FRANÇAIS

Stories
CHOICE AMBASSADOR
(Spice It Up! Issue Spring 2011)

(NC)—François-René Dussault may look like a regular middle-aged male, but there’s a lot that’s extraordinary about him. It’s not just that he’s a thriving lawyer who succeeded in having Ottawa City Hall agree on a tax credit when his home hemodialysis treatment made his water and sewer bills skyrocket. And it’s not just that he’s living well with an hereditary form of kidney disease, Alport Syndrome, that caused both his kidneys to fail a decade ago. It’s that his kidneys may have failed – but his stamina and vision haven’t. He’s volunteering with The Kidney Foundation to help others realize that a lot has to do with choice.

“When I first participated in The Kidney Foundation’s Peer Support Program, I felt I could make a difference just by listening. I found, with time, that the listening helped me too,” says François-René, who has undergone three types of dialysis (peritoneal, home hemodialysis and institutional hemodialysis) and two organ transplants from deceased donors to stay alive since 2000. “I hear people say how hard it is to receive a kidney failure diagnosis – or how hard it is to do home hemodialysis. I myself quit the
first time I tried it. I stopped the training after one week, and then, after a break, I went back. I listen to people and I tell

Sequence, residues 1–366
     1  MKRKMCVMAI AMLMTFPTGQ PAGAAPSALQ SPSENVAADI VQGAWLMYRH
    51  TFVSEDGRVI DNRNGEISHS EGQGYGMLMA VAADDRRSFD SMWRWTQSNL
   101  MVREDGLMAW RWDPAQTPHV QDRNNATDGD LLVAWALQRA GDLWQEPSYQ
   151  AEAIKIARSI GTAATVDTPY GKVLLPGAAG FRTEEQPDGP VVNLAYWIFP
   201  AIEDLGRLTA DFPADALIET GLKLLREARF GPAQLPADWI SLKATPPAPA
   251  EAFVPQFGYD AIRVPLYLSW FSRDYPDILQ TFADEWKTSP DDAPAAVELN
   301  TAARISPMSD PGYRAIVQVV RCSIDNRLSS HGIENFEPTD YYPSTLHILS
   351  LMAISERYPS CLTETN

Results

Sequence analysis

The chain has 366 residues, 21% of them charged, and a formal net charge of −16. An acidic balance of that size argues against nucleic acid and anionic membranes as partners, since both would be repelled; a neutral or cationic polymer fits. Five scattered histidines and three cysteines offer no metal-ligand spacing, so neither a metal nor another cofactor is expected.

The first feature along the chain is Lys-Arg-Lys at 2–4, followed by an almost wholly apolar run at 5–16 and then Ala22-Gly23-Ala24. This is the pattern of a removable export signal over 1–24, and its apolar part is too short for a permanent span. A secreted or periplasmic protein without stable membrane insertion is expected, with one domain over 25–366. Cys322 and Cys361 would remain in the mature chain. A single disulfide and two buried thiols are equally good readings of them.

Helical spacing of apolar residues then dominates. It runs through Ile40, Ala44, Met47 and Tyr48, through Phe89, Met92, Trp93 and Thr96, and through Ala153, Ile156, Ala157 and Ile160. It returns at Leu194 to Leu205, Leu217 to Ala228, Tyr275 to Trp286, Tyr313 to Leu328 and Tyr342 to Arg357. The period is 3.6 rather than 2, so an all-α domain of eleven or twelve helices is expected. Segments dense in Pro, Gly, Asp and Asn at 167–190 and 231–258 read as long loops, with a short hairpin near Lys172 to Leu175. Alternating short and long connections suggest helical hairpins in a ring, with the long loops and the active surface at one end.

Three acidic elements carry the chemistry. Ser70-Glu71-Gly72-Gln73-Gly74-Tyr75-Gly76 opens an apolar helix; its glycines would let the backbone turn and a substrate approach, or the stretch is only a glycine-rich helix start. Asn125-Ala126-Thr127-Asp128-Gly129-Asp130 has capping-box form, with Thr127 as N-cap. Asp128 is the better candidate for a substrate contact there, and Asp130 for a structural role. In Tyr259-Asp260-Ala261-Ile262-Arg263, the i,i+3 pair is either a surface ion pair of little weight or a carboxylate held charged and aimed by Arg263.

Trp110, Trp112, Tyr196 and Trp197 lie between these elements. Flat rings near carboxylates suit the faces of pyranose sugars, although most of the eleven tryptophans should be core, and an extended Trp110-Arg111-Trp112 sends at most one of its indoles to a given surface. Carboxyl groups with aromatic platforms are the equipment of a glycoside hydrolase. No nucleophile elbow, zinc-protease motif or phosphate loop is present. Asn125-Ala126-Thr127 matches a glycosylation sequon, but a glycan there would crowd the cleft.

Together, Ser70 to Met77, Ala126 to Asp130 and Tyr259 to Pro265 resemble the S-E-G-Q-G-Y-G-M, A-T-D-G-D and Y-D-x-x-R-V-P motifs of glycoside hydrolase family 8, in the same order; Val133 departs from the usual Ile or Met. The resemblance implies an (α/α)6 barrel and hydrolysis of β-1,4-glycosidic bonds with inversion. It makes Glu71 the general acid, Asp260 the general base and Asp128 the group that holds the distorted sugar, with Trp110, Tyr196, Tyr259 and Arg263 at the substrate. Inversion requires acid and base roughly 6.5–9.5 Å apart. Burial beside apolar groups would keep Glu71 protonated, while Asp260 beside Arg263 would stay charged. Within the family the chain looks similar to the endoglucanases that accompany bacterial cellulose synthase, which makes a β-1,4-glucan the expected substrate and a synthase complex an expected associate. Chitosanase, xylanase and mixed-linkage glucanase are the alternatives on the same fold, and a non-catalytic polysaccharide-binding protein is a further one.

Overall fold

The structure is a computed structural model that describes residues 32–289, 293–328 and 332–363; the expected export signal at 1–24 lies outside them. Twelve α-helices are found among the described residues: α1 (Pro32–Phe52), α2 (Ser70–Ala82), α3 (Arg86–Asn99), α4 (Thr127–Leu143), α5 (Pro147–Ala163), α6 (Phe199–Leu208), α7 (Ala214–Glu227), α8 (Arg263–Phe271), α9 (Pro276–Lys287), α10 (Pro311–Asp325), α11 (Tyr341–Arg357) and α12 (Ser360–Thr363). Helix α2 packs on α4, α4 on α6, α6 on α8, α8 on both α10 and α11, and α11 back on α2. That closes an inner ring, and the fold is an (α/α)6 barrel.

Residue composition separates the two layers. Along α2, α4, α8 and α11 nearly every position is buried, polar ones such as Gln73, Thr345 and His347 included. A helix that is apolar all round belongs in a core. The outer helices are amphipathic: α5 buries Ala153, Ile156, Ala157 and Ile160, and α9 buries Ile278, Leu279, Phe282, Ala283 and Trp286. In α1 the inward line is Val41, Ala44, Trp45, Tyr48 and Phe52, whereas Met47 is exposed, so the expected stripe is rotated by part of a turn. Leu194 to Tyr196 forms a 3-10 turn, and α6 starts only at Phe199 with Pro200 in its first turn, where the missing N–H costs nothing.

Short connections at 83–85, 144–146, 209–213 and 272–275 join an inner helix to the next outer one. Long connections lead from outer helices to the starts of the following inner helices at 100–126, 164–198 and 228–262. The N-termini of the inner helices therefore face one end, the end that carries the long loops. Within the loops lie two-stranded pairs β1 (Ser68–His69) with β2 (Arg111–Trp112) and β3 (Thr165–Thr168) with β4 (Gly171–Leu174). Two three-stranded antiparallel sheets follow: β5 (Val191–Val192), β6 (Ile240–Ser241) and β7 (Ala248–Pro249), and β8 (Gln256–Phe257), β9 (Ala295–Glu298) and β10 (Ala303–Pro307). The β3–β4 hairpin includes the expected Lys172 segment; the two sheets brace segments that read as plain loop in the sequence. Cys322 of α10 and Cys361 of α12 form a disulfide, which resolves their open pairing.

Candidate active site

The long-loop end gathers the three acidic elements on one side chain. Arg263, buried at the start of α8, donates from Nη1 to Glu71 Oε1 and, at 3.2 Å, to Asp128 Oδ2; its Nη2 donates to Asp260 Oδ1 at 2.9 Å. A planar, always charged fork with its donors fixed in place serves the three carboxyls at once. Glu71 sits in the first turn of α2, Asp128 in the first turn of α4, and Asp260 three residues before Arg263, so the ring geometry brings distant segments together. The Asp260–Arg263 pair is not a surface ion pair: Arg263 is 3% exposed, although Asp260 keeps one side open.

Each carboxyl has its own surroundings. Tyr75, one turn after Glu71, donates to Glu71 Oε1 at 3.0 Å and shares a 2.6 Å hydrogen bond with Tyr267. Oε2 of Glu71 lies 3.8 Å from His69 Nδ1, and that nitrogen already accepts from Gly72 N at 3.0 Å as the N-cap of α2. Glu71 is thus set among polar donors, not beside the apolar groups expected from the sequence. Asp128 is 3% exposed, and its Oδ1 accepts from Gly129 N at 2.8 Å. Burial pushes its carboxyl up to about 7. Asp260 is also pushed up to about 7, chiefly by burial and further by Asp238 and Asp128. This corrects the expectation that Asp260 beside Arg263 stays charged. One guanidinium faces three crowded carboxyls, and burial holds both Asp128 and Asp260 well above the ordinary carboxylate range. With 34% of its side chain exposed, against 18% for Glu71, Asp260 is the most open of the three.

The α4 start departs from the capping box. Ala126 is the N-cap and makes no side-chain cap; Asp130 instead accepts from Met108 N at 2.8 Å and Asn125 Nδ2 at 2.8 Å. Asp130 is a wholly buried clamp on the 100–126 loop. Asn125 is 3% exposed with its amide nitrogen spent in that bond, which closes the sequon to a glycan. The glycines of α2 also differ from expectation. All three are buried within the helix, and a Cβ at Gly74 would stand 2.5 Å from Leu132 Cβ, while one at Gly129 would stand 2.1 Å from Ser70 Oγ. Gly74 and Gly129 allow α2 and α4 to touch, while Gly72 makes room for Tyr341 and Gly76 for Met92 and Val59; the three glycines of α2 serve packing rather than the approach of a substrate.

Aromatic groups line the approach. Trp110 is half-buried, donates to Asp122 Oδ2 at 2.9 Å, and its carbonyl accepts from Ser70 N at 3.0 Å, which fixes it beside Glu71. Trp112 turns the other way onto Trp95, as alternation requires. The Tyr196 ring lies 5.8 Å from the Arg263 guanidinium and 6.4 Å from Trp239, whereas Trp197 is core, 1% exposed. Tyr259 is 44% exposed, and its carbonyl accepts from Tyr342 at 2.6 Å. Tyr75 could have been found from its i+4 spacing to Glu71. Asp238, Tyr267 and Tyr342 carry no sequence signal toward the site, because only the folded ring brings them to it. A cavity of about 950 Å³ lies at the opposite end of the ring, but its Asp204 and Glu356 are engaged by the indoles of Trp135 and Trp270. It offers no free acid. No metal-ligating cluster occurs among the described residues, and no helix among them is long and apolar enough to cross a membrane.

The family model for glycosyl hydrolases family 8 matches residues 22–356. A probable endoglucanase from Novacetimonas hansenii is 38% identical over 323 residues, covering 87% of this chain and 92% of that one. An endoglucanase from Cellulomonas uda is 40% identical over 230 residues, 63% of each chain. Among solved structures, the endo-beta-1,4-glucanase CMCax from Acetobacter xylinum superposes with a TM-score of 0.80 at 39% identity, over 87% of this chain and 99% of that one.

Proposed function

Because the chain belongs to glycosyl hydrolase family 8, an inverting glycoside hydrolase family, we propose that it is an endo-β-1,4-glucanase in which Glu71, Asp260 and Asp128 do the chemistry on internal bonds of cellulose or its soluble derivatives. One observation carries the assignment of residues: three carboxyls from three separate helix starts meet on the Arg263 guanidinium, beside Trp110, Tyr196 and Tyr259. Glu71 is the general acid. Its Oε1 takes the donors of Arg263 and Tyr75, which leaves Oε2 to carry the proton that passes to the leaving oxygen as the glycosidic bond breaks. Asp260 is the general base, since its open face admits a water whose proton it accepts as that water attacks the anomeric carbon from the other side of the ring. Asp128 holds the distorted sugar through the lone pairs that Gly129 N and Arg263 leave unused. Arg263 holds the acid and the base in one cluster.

them it takes time and they have choices, they can make choices that are good for them.”

The Kidney Foundation of Canada really supports choices in treatment modalities,” says Paul Shay, The Kidney Foundation’s National Executive Director. “We know that a transplant isn’t possible for everyone – even if it is generally the preferred treatment for persons whose kidneys have failed.” The Foundation’s website at www.kidney.ca, provides a range of information on
treatment choices, how to get peer support and how to live well with kidney disease.

François-René is living well with a transplant, able to travel and also able to offer support and to act as an ambassador to increase awareness of the need for Canadians to make a positive choice with regards to organ donation. He knows the value that comes from making that positive choice, as do the thousands of Kidney Foundation volunteers who knock on doors throughout March, Kidney Health Month in Canada, for donations to fund the Foundation’s programs, such as research into kidney diseases. “It takes time,” says François-René, “but it does get better.” Having the right support to make the right choices helps.

François-René is living well with a transplant, able to travel and also able to offer support and to act as an ambassador to increase awareness of the need for Canadians to make a positive choice with regards to organ donation.



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